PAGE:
I looked for the two or three hotels mentioned by the Rough Guide to Switzerland, with minimal success…couldn’t even find one of the streets, let alone the hotel on it, despite the smallness of the town. When I finally decided to take my chances at the Hôtel de Londres and (after a 15-minute pensive wait for anyone to return to the front desk after the time indicated on a BACK BY… note posted there) found that they were full, I’d already decided Brig wasn’t where I wanted to be that night. The main square, which the hotel’s windows overlooked, had a distressing abundance of children running around screaming, and the town’s size seemed to promise that I’d run through its attractions before the next day was out and spend the rest of my time trying to go further afield. So back I trudged to the train station, where I caught the next train heading north.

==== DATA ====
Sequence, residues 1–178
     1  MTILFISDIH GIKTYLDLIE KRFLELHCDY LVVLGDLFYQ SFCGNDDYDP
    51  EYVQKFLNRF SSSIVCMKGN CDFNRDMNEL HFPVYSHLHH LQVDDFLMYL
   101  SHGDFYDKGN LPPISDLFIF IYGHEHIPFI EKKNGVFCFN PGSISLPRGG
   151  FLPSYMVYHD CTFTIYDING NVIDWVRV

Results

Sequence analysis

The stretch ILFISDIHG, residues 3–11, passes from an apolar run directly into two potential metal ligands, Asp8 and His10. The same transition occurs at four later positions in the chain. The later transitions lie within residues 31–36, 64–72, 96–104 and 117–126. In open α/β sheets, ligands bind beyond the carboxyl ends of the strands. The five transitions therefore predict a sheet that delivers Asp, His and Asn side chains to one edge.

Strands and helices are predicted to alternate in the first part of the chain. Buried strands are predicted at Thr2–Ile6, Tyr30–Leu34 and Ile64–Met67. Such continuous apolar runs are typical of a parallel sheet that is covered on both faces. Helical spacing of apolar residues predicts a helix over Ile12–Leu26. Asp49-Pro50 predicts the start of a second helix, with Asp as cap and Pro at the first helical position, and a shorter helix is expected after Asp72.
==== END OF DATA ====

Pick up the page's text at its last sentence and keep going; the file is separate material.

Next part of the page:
Yes, north! Strictly speaking, the route starts back west along the Rhône, but farther up the steep slopes on its northern side, before it veers north and then tunnels under the Alps. Needless to say this part of the trip was a series of overlapping excitements and fascinations for me—even the darkness of the tunnel was enlivened by the mystery of how long it would be before we emerged, and where, an uncertainty compounded by emerging at one point between shorter tunnel sections heading the opposite direction from that in which we’d been travelling when the train entered that tunnel!

Website of Bern Canton Fascinated, I visually devoured the sight of the little towns the train passed at the north end of the tunnel: Kandersteg…Mitholz…Kandergrund…Frutigen…. And I compulsively flipped through the relevant pages of the Rough Guide, hoping for a clue as to where to get off the train and spend a couple of nights that would be worth the linguistic effort. The guide mentioned that Spiez, the next major town along this line, was popular with German families and seniors, which was clearly confirmed when the train made a stop there, but it also noted that Thun (the next stop) was “much overlooked by visitors passing on to Interlaken.” Considering that it was around 18h00 and I was already in unfamiliar linguistic territory, I made up my mind: it would be Thun.